Abstract: Syria's sectarian fragmentation was not created when the war began in 2011; its genesis lies in an inherited Ottoman millet system accentuated by the "divide to reign" policies of Hafiz al-Assad. The war has compelled Syrians to cling to their sectarian identities more tightly, whether out of socioeconomic self-interest or simply to survive. Examining these identities is thus crucial to answering the most fundamental questions about the ongoing upheaval. In many ways, the Syrian conflict has been taken out of the hands of Syrians themselves, becoming a proxy war between regional and international forces that often exploit the country's divided society for their own benefit.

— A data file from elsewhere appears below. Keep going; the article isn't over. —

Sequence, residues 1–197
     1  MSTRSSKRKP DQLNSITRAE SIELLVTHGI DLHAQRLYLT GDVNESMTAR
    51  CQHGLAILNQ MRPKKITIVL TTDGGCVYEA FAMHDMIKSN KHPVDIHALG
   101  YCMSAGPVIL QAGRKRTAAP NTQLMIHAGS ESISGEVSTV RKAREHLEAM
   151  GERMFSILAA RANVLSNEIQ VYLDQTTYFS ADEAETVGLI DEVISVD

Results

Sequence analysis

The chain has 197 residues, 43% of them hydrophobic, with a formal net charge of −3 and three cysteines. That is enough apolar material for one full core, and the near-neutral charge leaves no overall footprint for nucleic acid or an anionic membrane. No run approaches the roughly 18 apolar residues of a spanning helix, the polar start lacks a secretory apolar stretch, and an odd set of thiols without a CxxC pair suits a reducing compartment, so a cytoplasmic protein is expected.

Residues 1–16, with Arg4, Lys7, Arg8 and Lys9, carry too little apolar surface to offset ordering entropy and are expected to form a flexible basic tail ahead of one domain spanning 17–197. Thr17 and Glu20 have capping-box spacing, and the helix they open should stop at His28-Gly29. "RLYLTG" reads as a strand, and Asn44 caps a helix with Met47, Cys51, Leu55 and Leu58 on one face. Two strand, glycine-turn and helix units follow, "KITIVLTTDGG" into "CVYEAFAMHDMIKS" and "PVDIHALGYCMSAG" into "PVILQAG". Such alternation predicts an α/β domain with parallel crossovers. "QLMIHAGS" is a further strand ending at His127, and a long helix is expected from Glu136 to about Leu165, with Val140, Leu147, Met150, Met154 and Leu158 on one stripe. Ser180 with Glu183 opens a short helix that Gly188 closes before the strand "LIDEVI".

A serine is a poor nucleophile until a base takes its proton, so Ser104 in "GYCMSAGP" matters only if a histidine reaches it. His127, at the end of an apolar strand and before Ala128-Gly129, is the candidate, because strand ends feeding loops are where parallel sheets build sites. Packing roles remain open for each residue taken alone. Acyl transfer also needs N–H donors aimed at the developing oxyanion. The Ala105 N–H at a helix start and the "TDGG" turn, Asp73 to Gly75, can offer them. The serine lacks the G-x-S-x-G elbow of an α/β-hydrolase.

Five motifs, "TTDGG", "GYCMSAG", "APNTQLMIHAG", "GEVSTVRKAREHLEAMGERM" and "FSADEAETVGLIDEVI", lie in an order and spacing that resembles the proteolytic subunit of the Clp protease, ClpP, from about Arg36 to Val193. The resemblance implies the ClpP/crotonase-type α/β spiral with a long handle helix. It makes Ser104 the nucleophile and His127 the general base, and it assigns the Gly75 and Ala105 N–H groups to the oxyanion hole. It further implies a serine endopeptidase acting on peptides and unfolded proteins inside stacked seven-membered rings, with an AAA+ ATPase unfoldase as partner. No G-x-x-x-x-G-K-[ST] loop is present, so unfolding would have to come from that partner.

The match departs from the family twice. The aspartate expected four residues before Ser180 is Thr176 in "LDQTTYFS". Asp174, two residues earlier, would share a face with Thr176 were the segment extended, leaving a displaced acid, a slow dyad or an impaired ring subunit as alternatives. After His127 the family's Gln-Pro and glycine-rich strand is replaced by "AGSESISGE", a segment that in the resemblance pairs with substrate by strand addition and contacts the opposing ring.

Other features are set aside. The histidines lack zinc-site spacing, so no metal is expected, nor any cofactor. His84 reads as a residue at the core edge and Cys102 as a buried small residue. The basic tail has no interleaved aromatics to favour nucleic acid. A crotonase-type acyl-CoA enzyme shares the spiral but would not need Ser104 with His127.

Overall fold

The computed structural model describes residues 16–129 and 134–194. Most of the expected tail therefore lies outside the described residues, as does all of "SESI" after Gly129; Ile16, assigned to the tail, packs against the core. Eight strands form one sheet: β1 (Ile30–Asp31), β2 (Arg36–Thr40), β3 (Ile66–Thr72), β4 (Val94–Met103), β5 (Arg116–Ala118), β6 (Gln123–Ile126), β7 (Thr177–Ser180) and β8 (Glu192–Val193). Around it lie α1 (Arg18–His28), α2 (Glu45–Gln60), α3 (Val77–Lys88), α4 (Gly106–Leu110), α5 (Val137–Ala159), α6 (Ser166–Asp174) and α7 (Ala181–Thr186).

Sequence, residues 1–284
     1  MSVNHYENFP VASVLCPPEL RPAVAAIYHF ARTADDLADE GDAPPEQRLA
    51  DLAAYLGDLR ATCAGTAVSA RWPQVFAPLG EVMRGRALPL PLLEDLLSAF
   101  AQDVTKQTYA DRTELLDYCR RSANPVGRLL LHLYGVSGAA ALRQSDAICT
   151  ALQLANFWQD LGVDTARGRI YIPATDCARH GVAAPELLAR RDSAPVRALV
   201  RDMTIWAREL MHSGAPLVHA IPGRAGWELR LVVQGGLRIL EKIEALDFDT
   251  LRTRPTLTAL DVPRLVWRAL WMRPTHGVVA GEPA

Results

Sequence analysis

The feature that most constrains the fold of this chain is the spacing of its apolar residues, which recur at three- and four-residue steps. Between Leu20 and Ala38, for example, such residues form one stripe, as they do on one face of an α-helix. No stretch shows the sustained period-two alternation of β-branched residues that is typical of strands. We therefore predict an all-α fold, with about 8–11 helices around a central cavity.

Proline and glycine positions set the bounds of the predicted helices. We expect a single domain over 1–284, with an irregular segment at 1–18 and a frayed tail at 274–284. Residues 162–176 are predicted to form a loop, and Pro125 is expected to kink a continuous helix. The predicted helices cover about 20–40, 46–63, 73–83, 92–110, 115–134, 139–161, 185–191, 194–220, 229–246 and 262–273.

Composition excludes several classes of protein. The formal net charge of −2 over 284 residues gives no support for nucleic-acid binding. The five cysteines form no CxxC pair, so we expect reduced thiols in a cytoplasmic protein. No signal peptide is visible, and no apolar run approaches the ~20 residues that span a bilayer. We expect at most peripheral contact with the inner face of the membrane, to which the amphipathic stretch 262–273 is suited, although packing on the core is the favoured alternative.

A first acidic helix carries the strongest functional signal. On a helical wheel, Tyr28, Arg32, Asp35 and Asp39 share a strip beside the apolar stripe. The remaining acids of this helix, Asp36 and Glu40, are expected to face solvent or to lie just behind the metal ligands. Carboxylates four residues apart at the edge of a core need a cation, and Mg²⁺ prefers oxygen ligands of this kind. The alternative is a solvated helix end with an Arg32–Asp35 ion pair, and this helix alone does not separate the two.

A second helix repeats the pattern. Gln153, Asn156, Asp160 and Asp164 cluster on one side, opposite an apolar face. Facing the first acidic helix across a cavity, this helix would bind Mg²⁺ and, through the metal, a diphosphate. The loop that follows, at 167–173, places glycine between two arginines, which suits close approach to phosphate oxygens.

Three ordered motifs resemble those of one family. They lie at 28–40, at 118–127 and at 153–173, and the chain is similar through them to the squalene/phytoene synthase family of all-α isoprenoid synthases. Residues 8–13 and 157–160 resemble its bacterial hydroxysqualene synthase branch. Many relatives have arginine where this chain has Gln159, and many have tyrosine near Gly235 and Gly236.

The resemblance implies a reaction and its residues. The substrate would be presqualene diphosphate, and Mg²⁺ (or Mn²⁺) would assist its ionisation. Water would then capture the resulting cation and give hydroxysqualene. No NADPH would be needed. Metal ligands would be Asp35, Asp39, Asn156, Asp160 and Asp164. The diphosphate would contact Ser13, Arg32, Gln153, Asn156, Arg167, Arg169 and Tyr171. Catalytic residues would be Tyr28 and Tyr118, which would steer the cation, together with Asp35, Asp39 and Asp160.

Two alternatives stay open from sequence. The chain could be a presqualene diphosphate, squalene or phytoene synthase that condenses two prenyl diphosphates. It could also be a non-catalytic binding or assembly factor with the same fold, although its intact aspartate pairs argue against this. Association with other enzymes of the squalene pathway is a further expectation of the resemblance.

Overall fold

Fabrice Balanche is associate professor and research director at the University of Lyon 2. He is adjunct fellow at the Washington Institute. Formerly a visiting fellow at the Hoover Institution-Stanford University (2017-2018) and at The Washington Institute (2015-2017). Balanche, who also directed the Research Group on the Mediterranean and the Middle East (GREMMO), has spent ten years in Lebanon and Syria, his main areas of study, since first engaging in fieldwork in the region in 1990. Balanche holds a doctorate in geography from the University of Tours (2000) and an accreditation to supervise research from the University of Lyon (2013).Fabrice Balanche tries to understand political power by studying territory through a multidisciplinary approach that combines quantitative and qualitative methods, GIS, and direct field surveys. Mapping is an important part of his research. Today he is frequently called upon as an expert consultant on Middle East development issues and the Syrian crisis. His publications include Sectarianism in Syria’s Civil War (2018), Geopolitics of the Middle East (2014, in French), Atlas of the Arab Near East (2011, in French 2011, Arabic 2014, English 2018), and the book version for his thesis, The Alawite Region and Syrian Power (2006, in French).